During the first year of my first “real job,” I splurged on a new bedroom set and upgraded from a studio to a one-bedroom apartment. Of course, that meant my phone service had to be switched over. I waited and waited until well past the three-hour time period in which I was told the phone company would visit. No one came. I called the phone company and the representative made no apologies for having wasted half my work day—all she did was curtly ask when I’d like to reschedule. This being the early 1990s, I had to have a landline, and grudgingly scheduled a new work order to get my phone installed.
But I vowed that if I lived to be 100, I would live to see consumer reliance on such cavalier landline service providers fall by the wayside.
I have been vindicated.
The Pew Internet Project yesterday released a report comparing the importance of cell phones, landlines, and other means of communication. It said a poll of U.S. adults shows that cellular phones are the communications technology that consumers would find the most difficult to give up. More than half—51 percent, to be exact—said cell phones were the hardest to give up—up from 38 percent in 2002.
Even better, cell phones trumped landlines—which were the top “hardest to give up” only in 2006! It makes sense. People who move to new houses can simply take their cell phones with them. They don’t have to wait around for the phone company to show up whenever its workers feel like it.
But I’m not just gloating over my triumph after wrongs done me more than a decade ago. The Pew findings are another reason why cell phones are an important platform for marketers to consider if they want to effectively reach audiences. It’s easy to understand why consumers are so dependant on their phones. Basically, they’re a means to multiple modes of communicating:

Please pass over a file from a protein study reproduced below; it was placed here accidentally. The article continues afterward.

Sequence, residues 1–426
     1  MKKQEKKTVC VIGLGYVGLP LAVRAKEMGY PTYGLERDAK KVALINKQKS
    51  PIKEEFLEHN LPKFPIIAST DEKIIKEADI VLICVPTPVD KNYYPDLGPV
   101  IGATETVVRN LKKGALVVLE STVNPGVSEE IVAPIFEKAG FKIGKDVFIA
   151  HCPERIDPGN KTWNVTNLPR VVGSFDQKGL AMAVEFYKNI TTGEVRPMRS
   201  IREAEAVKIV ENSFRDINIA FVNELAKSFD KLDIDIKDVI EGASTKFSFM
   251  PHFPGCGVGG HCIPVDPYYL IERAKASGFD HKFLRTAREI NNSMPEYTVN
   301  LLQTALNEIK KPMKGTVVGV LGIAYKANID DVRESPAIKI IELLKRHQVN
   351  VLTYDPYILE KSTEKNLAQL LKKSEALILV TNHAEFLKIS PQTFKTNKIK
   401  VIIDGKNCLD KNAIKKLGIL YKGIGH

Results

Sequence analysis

* Voice, of course, is the first reason for having any phone. But U.S. cellular providers have recently started reducing “minutes” costs, with all-you-can-talk flat rates making it more affordable than ever for customers to make local and long-distance calls.
* A cell phone user can be contacted via SMS, which is increasing in usage among consumers. Pew says that 60 percent of adults younger than 30 send text messages daily.
* Rapidly-developing mobile technology has resulted (or soon will result) in phones that can connect to the Internet, making email and online channels more relevant than ever. Pew reports that of those surveyed, 65 percent of Hispanics, 54 percent of African-Americans, 70 percent of users younger than 30, and 19 percent overall access the Web via cellular networks.
Sure, landlines are still important for business users, as well as for homeowners who plan to stay put. But as marketers plan voice broadcast campaigns for landlines, they should keep cell phones in mind as well. Not just for voice, but for SMS, email, and online campaigns, too.
Marketing Communications Manager, mobileStorm
“I’d rather you text me”